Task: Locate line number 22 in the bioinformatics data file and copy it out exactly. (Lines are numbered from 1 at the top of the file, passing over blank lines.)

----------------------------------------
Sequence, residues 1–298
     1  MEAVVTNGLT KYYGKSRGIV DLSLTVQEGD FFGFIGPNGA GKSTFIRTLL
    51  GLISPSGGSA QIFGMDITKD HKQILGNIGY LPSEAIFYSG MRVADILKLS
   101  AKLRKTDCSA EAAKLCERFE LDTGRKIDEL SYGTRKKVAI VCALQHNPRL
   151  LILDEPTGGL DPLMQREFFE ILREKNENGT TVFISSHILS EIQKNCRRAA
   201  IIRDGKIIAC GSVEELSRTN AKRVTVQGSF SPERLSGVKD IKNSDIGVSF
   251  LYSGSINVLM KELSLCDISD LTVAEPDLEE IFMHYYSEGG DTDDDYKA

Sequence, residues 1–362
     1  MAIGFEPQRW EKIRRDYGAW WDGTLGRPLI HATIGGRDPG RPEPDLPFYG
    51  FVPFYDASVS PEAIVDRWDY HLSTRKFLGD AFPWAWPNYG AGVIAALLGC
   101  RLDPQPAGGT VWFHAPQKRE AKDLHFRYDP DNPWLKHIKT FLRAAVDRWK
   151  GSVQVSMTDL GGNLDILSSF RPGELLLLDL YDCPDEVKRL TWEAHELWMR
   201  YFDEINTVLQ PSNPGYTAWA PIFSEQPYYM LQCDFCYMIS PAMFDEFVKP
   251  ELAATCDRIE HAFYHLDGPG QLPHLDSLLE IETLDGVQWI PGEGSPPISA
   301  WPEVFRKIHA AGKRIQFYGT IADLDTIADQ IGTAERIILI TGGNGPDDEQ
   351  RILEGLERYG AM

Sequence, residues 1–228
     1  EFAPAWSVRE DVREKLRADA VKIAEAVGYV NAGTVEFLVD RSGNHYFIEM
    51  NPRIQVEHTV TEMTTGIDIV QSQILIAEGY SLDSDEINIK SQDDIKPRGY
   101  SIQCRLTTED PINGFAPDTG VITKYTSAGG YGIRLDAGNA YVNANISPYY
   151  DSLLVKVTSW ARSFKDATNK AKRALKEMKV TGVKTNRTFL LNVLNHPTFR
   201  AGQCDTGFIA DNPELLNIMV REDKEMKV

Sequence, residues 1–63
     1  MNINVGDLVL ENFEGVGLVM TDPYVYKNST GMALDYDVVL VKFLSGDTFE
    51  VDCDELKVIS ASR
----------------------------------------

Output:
   201  AGQCDTGFIA DNPELLNIMV REDKEMKV